Sniff is a "Scratch-like" programming language that's designed to help Scratchers move gently from Scratch to more conventional languages. They can start writing programs, without having to learn a new language because Sniff is based on Scratch. They learn a little more about variables, compiling, syntax errors (!), and they can have fun controlling real hardware while they're doing it.

Friday, 24 March 2017

Robot arm upgrades


One of the most popular posts on the Sniff blog is my documentation of the robot arm build - lots of people get the kits on eBay or aliExpress and then they arrive without any instructions. You literally get a bag of black metal shapes and some screws!





When I built the original I was careful to document everything I did, as even searching online there were no good instructions. However my research did reveal that there was a "better" kit out there, that had previously been sold, but that the kits currently being sold contained 1 less set of brackets/servo holders. As I noted in the original post, all of the weight and stress from the robot is carried by the base servo, which really isn't great.

It's fairly easy to find the brackets sold separately, so I bought an extra bracket, and finally got round to rebuilding the base of the arm. While the base servo is still taking a lot of the weight, its now supported by the bracket, spreading the stress around, and making the whole thing a lot more stable.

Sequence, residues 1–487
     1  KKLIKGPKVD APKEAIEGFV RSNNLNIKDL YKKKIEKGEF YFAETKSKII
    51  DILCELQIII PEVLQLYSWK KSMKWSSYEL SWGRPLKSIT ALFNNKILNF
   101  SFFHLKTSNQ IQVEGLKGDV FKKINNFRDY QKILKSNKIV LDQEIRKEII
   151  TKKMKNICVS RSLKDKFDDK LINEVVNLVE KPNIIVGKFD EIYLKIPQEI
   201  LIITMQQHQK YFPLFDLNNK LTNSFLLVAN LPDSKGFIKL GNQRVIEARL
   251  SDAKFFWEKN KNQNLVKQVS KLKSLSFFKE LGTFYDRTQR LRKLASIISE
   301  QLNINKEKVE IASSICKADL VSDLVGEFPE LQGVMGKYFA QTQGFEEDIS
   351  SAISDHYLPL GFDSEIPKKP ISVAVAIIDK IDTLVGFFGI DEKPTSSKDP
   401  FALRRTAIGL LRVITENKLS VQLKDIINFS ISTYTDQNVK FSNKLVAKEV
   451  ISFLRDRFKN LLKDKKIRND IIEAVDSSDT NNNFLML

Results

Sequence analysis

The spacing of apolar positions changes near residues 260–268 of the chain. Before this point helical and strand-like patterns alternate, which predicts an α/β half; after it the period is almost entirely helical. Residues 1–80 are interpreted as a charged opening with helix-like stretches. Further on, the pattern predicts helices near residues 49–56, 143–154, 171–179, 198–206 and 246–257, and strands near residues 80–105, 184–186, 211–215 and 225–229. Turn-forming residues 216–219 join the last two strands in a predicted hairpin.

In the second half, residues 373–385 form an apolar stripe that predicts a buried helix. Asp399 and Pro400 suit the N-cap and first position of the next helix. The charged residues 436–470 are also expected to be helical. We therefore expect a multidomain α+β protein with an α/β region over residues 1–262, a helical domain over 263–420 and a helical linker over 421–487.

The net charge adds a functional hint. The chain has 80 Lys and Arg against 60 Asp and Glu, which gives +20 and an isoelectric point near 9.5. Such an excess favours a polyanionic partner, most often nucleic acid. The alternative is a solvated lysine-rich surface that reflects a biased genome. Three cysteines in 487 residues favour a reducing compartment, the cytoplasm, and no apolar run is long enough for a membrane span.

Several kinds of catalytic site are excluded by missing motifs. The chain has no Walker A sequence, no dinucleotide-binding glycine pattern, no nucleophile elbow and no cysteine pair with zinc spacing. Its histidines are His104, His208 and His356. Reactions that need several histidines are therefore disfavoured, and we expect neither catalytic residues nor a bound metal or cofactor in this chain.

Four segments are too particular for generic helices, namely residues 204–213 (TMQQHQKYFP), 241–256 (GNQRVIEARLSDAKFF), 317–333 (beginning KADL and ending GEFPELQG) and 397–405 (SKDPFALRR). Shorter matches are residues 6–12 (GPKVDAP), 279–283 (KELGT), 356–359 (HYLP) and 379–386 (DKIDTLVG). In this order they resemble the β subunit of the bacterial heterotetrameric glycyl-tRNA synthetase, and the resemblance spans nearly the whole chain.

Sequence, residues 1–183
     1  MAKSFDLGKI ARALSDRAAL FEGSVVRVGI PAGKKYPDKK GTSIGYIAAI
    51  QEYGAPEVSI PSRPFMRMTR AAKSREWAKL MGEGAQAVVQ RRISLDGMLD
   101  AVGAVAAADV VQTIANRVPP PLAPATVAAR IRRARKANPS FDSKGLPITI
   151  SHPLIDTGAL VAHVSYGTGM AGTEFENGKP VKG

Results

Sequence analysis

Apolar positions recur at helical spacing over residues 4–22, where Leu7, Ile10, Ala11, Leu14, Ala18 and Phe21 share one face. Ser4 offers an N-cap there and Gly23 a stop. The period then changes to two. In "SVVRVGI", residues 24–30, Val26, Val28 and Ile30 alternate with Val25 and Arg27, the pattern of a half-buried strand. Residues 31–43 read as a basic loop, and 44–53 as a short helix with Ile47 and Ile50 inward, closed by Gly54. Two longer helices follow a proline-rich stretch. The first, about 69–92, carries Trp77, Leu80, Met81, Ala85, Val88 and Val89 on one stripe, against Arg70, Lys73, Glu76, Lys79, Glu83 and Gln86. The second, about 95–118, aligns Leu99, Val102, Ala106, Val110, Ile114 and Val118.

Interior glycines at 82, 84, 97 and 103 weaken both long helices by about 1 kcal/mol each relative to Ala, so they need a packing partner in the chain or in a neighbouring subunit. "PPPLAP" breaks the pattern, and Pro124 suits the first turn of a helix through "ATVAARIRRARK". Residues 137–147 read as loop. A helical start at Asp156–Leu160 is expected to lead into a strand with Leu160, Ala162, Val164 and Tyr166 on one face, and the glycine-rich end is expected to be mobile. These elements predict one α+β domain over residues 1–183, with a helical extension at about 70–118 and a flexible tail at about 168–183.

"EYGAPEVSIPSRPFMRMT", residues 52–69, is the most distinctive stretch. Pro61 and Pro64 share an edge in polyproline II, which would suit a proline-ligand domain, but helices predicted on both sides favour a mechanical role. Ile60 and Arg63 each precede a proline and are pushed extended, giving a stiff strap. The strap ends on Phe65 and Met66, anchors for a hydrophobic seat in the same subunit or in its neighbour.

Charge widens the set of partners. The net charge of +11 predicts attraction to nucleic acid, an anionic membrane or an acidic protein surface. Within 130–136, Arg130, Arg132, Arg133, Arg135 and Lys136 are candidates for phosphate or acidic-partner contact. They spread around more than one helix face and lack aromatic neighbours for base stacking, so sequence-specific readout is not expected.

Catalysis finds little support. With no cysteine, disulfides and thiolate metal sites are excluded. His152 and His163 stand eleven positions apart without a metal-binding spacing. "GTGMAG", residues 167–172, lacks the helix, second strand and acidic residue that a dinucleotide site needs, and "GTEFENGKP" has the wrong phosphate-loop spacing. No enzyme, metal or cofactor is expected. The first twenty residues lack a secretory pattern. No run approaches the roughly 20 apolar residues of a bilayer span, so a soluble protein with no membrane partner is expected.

Here are some pics of the new base during assembly:




You can see that the base servo is removed from its original bracket, and placed in a new one, which is bolted to the old one... while this may seem redundant, it means there's now clearance underneath to attach a u-bracket around the whole servo.

The bracket for the next servo is connected essentially as before, but now the bolts connect the bracket to both the servo horn and the new u-bracket. That means when the arm's weight starts to tip itself over, that sideways force is transmitted (at least in part) to the bearing at the bottom, rather than being fully carried by the neck of the servo.

The result is much more stable. The extra metal work does place some restrictions on range of travel, but only in positions where the gripper would probably be crashing into the table anyway, So generally its looks like a good upgrade.

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